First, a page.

The rest of Southeast Asia is firmly within the PRC’s economic orbit. However, none wants to be a satellite: Indonesia recently found itself involved in a bitter fishing dispute with Beijing, while the Burmese military’s opening to the West at least in part reflected a desire to loosen China’s suffocating embrace. Thailand has edged toward China militarily in response to U.S. criticism of the 2014 coup, but the junta appears more interested in improving its bargaining power than switching sides.
Although Washington might prefer subservience to ambivalence, balancing is inevitable for East Asian nations. The PRC isn’t going away, so for them outright hostility would be foolish, even dangerous, whatever America’s preference. Vietnam (and India, which just inked a defense accord with the U.S.) isn’t likely to forget its decades-old shooting war with China, but also doesn’t want a repeat. Even U.S. allies which feel certain of Washington’s support would have nothing to gain from conflict other than a temporary defensive success.
Economic links provide an important uplift throughout the region. Few of Beijing’s neighbors would want to face their publics having downgraded or, worse, severed economic ties with China. Investment and trade with the PRC are more important than foreign aid as a boost for poorer economies in the region.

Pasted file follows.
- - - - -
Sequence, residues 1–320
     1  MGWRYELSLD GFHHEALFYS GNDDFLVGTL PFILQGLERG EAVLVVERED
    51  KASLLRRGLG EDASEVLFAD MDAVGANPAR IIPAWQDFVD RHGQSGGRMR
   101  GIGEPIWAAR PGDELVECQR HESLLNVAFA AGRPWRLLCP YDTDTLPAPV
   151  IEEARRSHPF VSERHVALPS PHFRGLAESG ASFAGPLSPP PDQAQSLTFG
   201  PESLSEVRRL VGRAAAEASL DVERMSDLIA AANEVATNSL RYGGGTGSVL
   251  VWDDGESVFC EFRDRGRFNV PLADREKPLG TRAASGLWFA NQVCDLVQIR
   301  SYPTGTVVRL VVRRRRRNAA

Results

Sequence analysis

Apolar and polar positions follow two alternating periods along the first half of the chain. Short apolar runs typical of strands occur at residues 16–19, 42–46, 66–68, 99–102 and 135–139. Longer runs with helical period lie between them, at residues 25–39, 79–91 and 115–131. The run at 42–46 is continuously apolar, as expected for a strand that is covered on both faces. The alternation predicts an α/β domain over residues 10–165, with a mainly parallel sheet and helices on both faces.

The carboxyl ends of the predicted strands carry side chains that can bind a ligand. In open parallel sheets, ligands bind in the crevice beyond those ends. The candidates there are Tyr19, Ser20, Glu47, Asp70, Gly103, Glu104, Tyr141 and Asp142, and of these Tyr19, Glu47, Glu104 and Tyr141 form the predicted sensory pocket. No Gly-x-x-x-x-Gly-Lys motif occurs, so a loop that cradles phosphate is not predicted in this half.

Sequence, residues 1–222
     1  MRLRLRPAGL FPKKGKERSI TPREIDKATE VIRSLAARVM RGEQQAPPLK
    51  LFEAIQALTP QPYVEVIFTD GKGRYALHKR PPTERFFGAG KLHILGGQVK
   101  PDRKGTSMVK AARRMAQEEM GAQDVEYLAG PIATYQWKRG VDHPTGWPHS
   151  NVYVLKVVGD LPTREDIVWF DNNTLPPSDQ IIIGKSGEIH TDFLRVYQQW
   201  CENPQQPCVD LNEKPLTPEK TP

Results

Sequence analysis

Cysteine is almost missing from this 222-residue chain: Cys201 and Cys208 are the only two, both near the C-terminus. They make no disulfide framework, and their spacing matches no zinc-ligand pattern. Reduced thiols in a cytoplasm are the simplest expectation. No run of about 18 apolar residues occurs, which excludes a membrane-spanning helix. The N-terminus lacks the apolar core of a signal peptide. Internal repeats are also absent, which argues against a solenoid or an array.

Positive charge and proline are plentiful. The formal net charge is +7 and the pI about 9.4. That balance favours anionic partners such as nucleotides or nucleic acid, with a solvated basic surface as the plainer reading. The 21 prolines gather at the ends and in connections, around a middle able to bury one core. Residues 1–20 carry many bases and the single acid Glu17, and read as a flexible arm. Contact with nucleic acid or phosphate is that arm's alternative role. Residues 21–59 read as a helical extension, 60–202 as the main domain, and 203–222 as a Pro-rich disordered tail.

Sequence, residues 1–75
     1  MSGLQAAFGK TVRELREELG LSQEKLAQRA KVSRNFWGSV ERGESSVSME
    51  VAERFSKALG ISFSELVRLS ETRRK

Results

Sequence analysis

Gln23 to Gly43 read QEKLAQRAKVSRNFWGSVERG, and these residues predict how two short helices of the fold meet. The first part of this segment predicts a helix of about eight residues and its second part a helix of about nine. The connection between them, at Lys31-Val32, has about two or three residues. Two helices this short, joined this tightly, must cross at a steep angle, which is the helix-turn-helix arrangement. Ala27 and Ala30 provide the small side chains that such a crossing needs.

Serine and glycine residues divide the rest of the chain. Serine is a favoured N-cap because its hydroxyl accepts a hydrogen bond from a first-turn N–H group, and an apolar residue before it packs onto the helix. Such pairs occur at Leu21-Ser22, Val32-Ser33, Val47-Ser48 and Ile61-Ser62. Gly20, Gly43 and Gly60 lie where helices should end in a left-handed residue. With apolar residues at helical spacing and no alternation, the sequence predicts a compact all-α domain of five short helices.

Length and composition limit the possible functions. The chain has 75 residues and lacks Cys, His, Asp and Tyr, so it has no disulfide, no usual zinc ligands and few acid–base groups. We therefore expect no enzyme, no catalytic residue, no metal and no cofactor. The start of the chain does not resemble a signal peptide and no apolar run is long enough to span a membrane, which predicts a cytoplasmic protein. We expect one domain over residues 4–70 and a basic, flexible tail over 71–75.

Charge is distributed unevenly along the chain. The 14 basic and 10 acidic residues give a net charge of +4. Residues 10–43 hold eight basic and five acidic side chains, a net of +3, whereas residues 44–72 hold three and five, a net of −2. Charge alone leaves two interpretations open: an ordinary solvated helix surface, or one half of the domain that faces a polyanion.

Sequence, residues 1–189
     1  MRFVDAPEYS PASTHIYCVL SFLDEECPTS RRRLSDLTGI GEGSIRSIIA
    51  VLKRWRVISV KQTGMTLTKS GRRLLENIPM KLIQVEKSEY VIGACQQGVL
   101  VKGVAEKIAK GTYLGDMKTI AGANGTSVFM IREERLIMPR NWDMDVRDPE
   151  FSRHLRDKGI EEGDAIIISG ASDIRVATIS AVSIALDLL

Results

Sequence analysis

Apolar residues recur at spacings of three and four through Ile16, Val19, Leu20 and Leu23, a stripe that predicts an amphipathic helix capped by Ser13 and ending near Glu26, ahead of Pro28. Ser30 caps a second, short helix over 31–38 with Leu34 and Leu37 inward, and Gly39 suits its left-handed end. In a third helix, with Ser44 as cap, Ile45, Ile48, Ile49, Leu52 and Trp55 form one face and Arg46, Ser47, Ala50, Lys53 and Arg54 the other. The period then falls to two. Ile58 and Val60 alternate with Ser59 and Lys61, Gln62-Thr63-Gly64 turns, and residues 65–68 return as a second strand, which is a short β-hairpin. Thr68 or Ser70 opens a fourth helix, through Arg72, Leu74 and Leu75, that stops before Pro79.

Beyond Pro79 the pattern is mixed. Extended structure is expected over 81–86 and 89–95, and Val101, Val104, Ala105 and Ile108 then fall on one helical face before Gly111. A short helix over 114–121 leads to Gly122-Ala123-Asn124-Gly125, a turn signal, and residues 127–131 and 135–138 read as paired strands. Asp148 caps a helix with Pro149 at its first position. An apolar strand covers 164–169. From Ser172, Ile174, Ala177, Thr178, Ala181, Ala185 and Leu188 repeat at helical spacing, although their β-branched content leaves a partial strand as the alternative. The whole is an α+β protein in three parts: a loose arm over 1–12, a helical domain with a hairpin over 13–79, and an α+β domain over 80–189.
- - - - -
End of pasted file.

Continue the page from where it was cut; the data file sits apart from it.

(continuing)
The better performers also greatly benefit from commerce with China. Despite poor political relations, Beijing and Japan enjoy a mutually profitable relationship. South Korea, defended by America for the past 66 years, now trades more with the PRC than with the U.S. and Japan combined. Discouraging economic relations wouldn’t be appreciated DownUnder either, where the government only avoided defeat by the narrowest margin in the recent election.
In fact, it’s not clear what choosing America over China would mean. Presumably not to sever diplomatic or economic ties with Beijing. Also not to obey every dictate from Washington. Perhaps to unreservedly back the U.S. in any serious or important dispute with the PRC, whatever that might mean. Certainly to support confrontational American naval tactics in nearby waters.
But for the U.S. to make such a demand invites rejection. First, Canberra (and anyone else) likely would see no reason to make such a choice. While war between the U.S. and China would require choosing sides, why should Australian policymakers abandon discretion in other cases?